Here’s an idea that is a critical first step in your voice development
In 2008 I produced a CD with Bob Carr entitled Choice Voice. Lessons from great speaking voices. Edition One: Bob Carr. Many things could be said about Carr’s personal communication (I’ll have more to say in the next weeks/months now that he is Australia’s foreign minister).
One striking aspect of his personal communication is his ‘cut-through’ voice. Whatever your politics, Carr would not have been New South Wales longest serving Premier if he hadn’t developed his voice to such a high standard. Due to his voice power and energy, Carr when he was interviewed during his years as Premier by the high profile radio presenter Alan Jones, was one of the few politicians who could easily hold his own and even ‘push back’ Jones.
One first step in developing your own voice is getting more familiar with it. In particular, increasing your understanding of the voice other people hear when you speak. As you’ll know your voice sounds different on an audio recording than listening to it when you normally speak. The recorded voice is the voice that other people hear.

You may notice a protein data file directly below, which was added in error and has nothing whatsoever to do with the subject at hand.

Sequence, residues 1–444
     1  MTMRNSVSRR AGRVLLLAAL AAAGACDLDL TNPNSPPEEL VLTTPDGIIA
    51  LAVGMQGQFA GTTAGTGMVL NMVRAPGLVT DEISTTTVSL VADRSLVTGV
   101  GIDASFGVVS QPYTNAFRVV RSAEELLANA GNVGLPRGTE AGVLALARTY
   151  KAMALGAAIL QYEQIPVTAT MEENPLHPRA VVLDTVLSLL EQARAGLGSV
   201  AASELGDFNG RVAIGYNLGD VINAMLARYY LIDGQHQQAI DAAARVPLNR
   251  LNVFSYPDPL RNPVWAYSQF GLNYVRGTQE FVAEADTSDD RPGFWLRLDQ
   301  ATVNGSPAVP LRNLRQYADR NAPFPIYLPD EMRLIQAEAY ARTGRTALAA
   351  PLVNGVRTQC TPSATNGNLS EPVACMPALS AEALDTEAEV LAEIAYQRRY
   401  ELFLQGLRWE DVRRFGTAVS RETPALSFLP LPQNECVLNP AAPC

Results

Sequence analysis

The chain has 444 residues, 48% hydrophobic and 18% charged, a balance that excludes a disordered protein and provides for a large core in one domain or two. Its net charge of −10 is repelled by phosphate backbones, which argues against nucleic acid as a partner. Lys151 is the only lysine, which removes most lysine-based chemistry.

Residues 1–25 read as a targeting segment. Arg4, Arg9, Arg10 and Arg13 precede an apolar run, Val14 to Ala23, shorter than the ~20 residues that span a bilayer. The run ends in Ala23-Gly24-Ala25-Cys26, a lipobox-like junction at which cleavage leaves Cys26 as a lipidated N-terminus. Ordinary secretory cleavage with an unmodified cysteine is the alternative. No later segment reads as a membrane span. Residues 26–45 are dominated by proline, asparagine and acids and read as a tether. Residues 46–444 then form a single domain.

The ‘how to apply’ for this post: In the next seven days record small clips of your speaking – about 5 to 7 seconds or so. Then really focus on listening to the recordings, to the point where you no longer cringe on hearing your recorded voice. Once you’ve done this, you’ll be at a better place to start experimenting and developing your voice potential and influence.